Motor expenses - an unexpected VAT bonus
VAT rules for cars used in a business are notoriously strict. However, for some types of car-related expenditure they are surprisingly generous. What are they and how can your client take maximum advantage of them?
All or nothing Except in the rare situation that your client can prove to HMRC that a car is used 100% for a business, it will not permit them to reclaim any of the VAT paid on its purchase. Any private use whatsoever precludes them from claiming any VAT - it cannot be apportioned between business and private use as it can for other expenditure. The good news is that this block doesn't apply to motor running expenses. In fact, the VAT rules for these are the antithesis of those for car purchases.
Journey-related costs Before we look at motor running costs remember that the rules for these differ from journey-related expenses. The normal VAT rules apply to these. This means that VAT paid on expenses relating to a business journey, for example off-road parking charges, can be reclaimed in full. For some types of journey-related expenses you may need to apportion VAT between business and private use, as in the case of a petrol bill.
Motor running expenses When you get to considering the cost of repairing and maintaining your client's car the VAT rules become interesting, in a good way.
Tip - Even where there's significant private use of a car, HMRC allows you to reclaim 100% of the VAT paid on this sort of expenditure. This generosity isn't confined to cars owned by the business, it also applies to those personally owned if they are used for business journeys.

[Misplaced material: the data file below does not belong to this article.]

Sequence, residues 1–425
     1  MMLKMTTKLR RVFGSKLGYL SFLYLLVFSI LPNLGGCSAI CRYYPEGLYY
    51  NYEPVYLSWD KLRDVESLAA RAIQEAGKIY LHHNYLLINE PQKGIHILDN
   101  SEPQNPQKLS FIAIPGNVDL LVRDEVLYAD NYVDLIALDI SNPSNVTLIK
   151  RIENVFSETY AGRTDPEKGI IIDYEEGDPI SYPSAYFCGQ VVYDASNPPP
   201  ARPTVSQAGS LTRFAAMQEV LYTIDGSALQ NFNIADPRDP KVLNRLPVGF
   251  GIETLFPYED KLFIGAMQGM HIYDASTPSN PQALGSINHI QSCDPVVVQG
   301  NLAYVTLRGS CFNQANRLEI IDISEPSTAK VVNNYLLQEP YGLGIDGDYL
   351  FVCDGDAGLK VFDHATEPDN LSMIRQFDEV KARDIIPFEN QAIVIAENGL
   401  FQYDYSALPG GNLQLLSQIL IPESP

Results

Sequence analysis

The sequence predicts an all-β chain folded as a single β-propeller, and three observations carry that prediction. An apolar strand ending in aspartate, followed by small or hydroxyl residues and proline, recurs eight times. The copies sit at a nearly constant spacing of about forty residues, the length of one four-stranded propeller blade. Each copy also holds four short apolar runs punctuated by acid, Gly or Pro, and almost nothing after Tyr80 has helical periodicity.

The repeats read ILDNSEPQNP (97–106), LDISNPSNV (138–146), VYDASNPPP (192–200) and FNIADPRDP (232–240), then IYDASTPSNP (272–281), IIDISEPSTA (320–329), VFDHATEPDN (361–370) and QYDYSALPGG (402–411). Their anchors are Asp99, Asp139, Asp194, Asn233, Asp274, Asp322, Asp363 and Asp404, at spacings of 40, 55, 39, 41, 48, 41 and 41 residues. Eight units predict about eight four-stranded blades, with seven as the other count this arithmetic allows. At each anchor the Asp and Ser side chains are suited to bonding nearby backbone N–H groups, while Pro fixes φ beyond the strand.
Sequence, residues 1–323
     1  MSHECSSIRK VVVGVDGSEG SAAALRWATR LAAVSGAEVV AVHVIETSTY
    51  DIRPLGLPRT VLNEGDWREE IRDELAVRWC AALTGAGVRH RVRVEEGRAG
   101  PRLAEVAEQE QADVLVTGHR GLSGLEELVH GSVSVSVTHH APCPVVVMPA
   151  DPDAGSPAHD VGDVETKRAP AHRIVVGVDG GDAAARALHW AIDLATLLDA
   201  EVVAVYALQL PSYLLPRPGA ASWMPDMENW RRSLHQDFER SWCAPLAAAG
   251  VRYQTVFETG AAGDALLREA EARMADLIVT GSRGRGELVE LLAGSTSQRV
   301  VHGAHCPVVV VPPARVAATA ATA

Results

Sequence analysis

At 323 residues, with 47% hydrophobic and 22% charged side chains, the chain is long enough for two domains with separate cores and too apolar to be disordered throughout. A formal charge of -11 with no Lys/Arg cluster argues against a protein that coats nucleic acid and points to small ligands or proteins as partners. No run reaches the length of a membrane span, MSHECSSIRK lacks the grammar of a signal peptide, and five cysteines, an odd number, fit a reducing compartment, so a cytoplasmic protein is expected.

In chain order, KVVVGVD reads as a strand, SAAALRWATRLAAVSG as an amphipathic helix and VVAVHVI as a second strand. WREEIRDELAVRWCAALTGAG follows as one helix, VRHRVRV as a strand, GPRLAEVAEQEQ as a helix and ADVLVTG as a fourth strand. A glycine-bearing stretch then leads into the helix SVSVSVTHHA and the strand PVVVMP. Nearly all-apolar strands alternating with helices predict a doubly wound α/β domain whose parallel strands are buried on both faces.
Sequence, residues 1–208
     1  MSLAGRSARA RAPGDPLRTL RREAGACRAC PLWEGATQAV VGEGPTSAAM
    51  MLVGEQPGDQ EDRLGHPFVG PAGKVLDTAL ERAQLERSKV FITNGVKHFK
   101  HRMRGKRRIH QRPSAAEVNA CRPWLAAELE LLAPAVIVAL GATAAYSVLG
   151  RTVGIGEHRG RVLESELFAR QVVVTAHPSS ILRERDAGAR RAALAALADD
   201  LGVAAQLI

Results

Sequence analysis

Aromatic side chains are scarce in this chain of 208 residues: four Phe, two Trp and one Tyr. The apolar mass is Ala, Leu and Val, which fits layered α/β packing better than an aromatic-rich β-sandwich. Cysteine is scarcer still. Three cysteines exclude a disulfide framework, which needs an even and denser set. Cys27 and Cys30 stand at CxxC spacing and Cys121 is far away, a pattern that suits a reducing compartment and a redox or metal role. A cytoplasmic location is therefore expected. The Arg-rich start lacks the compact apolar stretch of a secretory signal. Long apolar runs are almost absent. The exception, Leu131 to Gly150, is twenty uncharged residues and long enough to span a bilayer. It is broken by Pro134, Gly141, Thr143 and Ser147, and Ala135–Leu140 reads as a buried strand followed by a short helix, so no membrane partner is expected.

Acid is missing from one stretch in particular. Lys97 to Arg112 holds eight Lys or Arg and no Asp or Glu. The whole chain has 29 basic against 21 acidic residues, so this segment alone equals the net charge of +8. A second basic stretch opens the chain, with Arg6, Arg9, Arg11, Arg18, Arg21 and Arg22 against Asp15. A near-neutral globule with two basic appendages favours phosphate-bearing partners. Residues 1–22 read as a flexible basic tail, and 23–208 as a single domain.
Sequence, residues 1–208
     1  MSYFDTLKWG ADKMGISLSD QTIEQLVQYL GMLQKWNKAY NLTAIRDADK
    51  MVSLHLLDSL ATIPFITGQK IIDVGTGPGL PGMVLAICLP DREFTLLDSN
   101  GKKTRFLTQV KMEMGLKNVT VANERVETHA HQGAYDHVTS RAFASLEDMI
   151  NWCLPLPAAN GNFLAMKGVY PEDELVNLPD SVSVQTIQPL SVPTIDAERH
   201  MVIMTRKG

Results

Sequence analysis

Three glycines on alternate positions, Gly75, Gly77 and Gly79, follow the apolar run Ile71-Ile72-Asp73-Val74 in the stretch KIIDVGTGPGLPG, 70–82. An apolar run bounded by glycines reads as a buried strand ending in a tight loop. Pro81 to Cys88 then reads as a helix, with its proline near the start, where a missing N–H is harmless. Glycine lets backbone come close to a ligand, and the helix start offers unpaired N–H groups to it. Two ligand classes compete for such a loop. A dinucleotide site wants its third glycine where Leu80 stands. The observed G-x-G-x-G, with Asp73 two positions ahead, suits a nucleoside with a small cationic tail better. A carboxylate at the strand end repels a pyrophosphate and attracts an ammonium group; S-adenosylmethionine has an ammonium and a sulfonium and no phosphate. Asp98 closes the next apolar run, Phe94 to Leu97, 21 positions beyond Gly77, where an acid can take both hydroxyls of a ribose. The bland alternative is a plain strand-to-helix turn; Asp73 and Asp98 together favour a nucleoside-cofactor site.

Example - Fran owns and runs a cleaning business and employs two staff. All three use their own cars to travel to and from clients, and for private journeys. Fran pays the servicing costs of each car, and in the case of her employees she deducts what she pays from the mileage allowance (net of the element relating to fuel) she pays them. Fran is entitled to reclaim all the VAT on her and her employees' car service bills. Fran's business also pays the bills for new tyres, cleaning and repair of her car, which means it can reclaim 100% of the VAT on these costs.
Tip - The VAT break can also be used by companies where they pay service etc. bills for directors, employees and, subject to conditions, even freelance contractors.
Tip - Although not vital for VAT claims, where possible your client should arrange for service etc. bills to be addressed to their business. Remember that for employees (including directors) income tax and NI charges will apply if the value of the service etc. bills for their cars exceed their entitlement to the mileage allowances (again, reduced to remove the cost of fuel element) they are paid.
How much is enough?
There's no minimum business use requirement to take advantage of this VAT break. In theory your client might only use their car for business 5% of the time, but they'll still be entitled to reclaim 100% of the VAT on service etc. costs paid by the business.